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dc.contributor.authorBarker, Daniel
dc.contributor.authorAlderson, Rosanna Grace
dc.contributor.authorMcDonagh, James L.
dc.contributor.authorPlaisier, Heleen
dc.contributor.authorComrie, Muriel Margaret
dc.contributor.authorDuncan, Leigh
dc.contributor.authorMuirhead, Gavin T.P.
dc.contributor.authorSweeney, Stuart D.
dc.date.accessioned2015-10-28T11:09:59Z
dc.date.available2015-10-28T11:09:59Z
dc.date.issued2015-10-28
dc.identifier.citationBarker , D , Alderson , R G , McDonagh , J L , Plaisier , H , Comrie , M M , Duncan , L , Muirhead , G T P & Sweeney , S D 2015 , ' University-level practical activities in bioinformatics benefit voluntary groups of pupils in the last 2 years of school ' , International Journal of STEM Education , vol. 2 , 17 . https://doi.org/10.1186/s40594-015-0030-zen
dc.identifier.otherPURE: 223321164
dc.identifier.otherPURE UUID: cd6b6777-05e1-4d05-8985-75494f870369
dc.identifier.otherScopus: 84959501857
dc.identifier.otherWOS: 000442749600017
dc.identifier.urihttp://hdl.handle.net/10023/7704
dc.descriptionThis work was supported in part by the Science and Technology Facilities Council under grant ST/M000435/1 to Daniel Barker.en
dc.description.abstractBackground Bioinformatics—the use of computers in biology—is of major and increasing importance to biological sciences and medicine. We conducted a preliminary investigation of the value of bringing practical, university-level bioinformatics education to the school level. We conducted voluntary activities for pupils at two schools in Scotland (years S5 and S6; pupils aged 15–17). We used material originally developed for an optional final-year undergraduate module and now incorporated into 4273π, a resource for teaching and learning bioinformatics on the low-cost Raspberry Pi computer. Results Pupils’ feedback forms suggested our activities were beneficial. During the course of the activity, they provide strong evidence of increase in the following: pupils’ perception of the value of computers within biology; their knowledge of the Linux operating system and the Raspberry Pi; their willingness to use computers rather than phones or tablets; their ability to program a computer and their ability to analyse DNA sequences with a computer. We found no strong evidence of negative effects. Conclusions Our preliminary study supports the feasibility of bringing university-level, practical bioinformatics activities to school pupils.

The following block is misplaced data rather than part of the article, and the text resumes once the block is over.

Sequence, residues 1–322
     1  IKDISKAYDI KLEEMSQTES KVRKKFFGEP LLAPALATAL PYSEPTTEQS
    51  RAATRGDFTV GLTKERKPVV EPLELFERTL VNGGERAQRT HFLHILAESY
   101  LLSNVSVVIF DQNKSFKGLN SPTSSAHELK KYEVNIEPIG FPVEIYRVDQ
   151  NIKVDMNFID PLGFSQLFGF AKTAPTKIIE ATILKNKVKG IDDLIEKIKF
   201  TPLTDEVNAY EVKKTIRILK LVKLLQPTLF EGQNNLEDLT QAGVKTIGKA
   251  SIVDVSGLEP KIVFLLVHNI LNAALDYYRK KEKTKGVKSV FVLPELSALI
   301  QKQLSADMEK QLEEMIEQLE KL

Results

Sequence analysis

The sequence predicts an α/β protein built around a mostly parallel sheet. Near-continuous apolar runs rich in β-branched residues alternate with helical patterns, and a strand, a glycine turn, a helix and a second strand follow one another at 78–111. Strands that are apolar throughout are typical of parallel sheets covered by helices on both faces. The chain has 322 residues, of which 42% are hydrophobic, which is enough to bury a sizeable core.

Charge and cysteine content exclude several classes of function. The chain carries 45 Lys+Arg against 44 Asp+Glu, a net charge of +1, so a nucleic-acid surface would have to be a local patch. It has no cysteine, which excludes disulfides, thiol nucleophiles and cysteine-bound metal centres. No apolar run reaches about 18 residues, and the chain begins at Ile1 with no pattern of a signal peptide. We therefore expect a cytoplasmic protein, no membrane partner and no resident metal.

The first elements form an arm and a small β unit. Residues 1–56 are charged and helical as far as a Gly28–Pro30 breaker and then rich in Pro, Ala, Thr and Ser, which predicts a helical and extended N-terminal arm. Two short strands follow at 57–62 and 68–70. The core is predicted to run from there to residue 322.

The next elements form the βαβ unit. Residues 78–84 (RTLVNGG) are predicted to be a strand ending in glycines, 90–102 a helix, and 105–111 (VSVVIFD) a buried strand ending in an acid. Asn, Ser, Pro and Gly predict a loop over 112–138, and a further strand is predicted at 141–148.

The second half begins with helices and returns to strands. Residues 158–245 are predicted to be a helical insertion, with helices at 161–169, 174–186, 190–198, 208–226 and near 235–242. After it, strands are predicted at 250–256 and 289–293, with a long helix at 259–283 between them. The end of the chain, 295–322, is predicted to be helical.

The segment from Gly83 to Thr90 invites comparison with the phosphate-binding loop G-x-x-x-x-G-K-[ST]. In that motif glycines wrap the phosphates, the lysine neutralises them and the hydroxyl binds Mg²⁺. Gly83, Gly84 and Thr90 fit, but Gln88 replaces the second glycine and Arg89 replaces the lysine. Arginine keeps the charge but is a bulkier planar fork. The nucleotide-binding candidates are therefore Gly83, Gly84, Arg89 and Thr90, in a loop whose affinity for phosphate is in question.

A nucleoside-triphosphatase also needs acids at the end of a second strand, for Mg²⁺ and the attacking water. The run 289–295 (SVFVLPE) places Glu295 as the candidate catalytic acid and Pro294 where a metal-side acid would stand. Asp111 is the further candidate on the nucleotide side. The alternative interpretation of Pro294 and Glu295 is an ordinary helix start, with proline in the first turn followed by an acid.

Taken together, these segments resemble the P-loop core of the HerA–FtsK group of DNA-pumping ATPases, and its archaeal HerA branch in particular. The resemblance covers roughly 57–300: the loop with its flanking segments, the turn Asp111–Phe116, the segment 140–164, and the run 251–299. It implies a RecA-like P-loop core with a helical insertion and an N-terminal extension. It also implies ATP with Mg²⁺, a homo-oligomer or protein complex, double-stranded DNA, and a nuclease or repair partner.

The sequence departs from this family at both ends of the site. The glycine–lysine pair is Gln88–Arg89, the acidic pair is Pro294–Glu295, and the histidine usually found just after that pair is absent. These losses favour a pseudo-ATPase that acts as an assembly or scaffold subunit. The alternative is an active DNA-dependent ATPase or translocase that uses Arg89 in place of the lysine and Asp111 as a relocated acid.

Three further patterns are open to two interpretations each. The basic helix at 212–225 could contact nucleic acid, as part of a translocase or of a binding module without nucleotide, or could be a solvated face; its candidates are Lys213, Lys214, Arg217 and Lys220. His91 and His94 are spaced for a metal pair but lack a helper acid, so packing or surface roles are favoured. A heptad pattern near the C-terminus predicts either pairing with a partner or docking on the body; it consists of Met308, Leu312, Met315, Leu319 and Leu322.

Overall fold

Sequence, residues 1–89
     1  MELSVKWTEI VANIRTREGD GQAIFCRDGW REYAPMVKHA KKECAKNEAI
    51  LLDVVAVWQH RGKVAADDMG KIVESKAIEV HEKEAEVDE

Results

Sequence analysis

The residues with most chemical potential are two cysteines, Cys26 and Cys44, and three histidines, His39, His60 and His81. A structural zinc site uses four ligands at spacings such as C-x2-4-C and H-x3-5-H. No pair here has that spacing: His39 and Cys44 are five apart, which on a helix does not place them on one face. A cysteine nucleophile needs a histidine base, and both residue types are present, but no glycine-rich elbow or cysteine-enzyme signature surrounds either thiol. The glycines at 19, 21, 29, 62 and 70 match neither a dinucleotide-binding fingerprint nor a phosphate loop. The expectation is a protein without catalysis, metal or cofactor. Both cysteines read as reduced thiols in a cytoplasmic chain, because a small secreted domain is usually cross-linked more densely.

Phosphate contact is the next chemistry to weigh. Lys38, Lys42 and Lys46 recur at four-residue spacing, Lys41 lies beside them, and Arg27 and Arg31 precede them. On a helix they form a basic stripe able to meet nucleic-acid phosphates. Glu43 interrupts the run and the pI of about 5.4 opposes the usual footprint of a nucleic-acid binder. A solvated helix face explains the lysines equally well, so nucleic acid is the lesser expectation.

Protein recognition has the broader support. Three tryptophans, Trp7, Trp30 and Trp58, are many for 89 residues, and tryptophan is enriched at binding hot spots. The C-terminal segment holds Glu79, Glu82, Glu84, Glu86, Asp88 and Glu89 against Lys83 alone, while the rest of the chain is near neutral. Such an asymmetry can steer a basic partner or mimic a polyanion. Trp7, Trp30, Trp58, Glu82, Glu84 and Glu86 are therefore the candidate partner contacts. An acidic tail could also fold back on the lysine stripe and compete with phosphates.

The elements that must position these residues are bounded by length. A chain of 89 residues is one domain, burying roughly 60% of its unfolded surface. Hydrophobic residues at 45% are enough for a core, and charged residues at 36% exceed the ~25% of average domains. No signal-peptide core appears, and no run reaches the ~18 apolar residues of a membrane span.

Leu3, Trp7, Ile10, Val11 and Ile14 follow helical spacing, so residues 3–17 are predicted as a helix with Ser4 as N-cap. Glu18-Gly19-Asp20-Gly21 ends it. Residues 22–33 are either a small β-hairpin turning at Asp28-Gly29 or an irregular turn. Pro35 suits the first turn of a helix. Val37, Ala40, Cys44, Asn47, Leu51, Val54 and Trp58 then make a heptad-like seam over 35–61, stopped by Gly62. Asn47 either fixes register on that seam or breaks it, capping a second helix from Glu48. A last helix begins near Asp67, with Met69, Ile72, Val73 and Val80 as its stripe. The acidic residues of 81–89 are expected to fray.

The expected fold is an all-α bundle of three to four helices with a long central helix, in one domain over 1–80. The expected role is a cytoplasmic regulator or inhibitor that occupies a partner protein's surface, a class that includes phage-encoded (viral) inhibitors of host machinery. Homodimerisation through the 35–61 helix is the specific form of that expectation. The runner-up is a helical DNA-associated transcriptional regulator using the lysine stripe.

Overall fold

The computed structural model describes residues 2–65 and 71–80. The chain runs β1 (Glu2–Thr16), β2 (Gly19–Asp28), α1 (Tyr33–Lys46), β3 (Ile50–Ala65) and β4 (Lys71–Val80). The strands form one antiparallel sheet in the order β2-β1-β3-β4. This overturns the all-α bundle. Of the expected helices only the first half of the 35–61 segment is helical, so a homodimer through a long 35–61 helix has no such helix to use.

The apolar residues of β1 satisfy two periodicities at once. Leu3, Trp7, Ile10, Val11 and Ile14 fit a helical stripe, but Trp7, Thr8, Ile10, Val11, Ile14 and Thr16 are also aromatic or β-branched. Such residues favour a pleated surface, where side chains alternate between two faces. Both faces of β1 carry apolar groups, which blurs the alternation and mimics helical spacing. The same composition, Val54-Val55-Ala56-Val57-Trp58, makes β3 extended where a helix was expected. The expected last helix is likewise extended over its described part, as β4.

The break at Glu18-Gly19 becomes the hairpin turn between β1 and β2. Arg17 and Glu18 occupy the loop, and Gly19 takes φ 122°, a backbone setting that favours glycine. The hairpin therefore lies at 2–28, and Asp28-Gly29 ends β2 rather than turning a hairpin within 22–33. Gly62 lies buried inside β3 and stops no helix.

dc.format.extent8
dc.language.isoeng
dc.relation.ispartofInternational Journal of STEM Educationen
dc.rights© 2015 Barker et al. Open AccessThis article is distributed under the terms of the Creative Commons Attribution 4.0 International License (http://creativecommons.org/licenses/by/4.0/), which permits unrestricted use, distribution, and reproduction in any medium, provided you give appropriate credit to the original author(s) and the source, provide a link to the Creative Commons license, and indicate if changes were made.en
dc.subjectBioinformaticsen
dc.subjectComputational biologyen
dc.subjectSecondary schoolen
dc.subjectRaspberry Pien
dc.subjectOpen access teaching materialen
dc.subjectCase studyen
dc.subjectQH301 Biologyen
dc.subject.lccQH301en
dc.titleUniversity-level practical activities in bioinformatics benefit voluntary groups of pupils in the last 2 years of schoolen
dc.typeJournal articleen
dc.description.versionPublisher PDFen
dc.contributor.institutionUniversity of St Andrews.School of Biologyen
dc.contributor.institutionUniversity of St Andrews.School of Chemistryen
dc.identifier.doihttps://doi.org/10.1186/s40594-015-0030-z
dc.description.statusPeer revieweden


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